Sunday, June 26, 2011

My impressions of F# after three years

It will be soon 3 years that I have been using F# both professionally and privately.

At work, I have used it to implement the simulator module of Prover iLock. This is a complete rewrite of the first version of the simulator, which was initially written in C#. The rewrite was necessary for a number of reasons. As is often the case with the first version of any software, its design did not age well, leading to bugs, excessive memory use and long execution times. I think the main reason was simply that requirements were not clear when the project was started.

The main challenge of this simulator is to support distributed systems where components use different execution models and link protocols. The term "execution model" is a bit specific to the field, namely railway signalling systems. Historically, these systems were implemented using relays. Their modern counter-parts include relays (they are still popular), software which emulates relays (to take advantage of existing field knowledge and practices) and to a lesser extent procedural languages.
The second category include platforms such as VHLC and Microlok, but there are many other similar yet different technologies. Although similar, they all differ slightly in how they handle communication with remote devices, how timers are handled, in what order instructions are executed...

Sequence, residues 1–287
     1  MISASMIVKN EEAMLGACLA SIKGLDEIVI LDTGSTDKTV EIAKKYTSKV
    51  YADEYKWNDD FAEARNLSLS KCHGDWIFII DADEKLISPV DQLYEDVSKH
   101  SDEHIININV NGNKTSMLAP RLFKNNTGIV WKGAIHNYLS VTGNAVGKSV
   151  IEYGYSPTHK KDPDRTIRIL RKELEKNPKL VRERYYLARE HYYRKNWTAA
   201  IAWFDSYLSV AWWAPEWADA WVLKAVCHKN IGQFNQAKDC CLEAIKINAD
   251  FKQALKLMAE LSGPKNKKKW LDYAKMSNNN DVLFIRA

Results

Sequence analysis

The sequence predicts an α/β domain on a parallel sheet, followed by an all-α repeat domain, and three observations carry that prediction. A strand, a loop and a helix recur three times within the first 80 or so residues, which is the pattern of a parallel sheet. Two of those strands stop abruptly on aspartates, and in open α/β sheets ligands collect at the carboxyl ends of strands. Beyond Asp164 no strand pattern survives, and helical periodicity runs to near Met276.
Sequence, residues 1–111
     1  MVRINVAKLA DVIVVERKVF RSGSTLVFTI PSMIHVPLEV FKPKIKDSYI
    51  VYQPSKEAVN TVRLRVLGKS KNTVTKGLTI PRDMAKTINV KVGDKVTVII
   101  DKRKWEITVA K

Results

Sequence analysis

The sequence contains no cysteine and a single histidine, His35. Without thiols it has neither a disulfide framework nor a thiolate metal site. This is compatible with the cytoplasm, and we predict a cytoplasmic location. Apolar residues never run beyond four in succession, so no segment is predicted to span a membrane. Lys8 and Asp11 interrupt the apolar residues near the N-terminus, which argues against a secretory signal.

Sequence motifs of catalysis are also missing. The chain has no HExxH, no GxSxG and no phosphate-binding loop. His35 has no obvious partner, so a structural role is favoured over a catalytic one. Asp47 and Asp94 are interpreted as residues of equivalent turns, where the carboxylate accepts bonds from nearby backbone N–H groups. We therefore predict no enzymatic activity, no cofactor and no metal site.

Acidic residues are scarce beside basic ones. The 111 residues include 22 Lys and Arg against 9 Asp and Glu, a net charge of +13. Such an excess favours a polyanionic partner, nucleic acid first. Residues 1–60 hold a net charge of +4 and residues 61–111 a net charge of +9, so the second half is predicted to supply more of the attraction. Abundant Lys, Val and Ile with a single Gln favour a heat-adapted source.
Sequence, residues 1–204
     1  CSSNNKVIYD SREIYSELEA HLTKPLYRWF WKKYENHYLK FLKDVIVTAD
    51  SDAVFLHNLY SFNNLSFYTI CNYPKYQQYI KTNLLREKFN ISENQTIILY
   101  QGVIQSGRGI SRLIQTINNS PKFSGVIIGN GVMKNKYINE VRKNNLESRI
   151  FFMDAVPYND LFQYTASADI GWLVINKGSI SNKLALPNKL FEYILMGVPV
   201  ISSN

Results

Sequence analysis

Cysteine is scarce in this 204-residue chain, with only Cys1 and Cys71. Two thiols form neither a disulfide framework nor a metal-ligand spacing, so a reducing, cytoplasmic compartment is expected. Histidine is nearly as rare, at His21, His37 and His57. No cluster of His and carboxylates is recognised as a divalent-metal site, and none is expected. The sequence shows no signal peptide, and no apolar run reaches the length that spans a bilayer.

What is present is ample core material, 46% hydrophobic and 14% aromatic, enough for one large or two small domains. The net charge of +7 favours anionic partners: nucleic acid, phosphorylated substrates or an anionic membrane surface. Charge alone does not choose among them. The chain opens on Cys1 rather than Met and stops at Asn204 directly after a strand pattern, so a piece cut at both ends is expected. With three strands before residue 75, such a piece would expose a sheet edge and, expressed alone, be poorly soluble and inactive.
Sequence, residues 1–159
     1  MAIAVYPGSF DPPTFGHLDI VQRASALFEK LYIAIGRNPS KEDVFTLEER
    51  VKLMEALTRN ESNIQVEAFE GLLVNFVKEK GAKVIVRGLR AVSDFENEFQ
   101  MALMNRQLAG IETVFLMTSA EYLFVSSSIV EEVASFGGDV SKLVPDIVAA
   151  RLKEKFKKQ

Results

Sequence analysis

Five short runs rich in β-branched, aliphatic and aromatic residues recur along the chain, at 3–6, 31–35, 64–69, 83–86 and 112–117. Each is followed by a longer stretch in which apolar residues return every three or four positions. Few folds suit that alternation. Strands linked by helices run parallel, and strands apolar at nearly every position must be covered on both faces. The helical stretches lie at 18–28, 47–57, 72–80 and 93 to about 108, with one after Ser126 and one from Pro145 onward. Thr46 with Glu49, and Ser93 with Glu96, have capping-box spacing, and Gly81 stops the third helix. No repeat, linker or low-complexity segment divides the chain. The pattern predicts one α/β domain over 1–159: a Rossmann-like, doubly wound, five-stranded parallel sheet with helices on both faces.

I am happy to report that so far, most of the objectives for the new implementation have been reached or exceeded:

  • Adding a new platform takes little effort.
  • Memory use has drastically gone down, despite massive use of short-lived arrays to hold state.
  • Run-time efficiency is OK, although a bit worse than the first version in some cases. The main reason here is that I made no attempt to perform some of the optimizations that introduced bugs in the first version (maintaining consistency with respect to time when simulating distributed systems is difficult). 
  • Few known bugs.

Time will tell how this second version ages, but so far, I haven't needed to spend a lot of time extending or fixing it. Which is a bit sad, as it means I am not spending as much time working with F# as I would like :)

Another important F# module I developed was a bridge translating the C# representation of systems from the main program to the simulator module. This other project is also successful. The main lesson learned is not to reuse data between different software modules. This may sound surprising at first, but the gains of designing data structures that do one thing well outweigh the costs of maintaining similar types which appear to duplicate code. The data structures in the main program are designed to make it easy to build and modify them via a scripting API. The data structures in the simulator are designed for efficiency of simulation.

Defining types in F# is easily done thanks to records and discriminated unions. Translating from one type hierarchy to another is facilitated by pattern matching. I'm inclined to think the lack for these constructs in other languages leads to excessively large and complex data-types, as they try solve multiple problems at once. Although the evils of code duplication are well known, there are also risks associated to excessive code sharing. Getting the right balance in the number of data types requires a flexible and rich family of types, and it's now clear to me that C# is too poor in that respect. Classes and enums are not enough.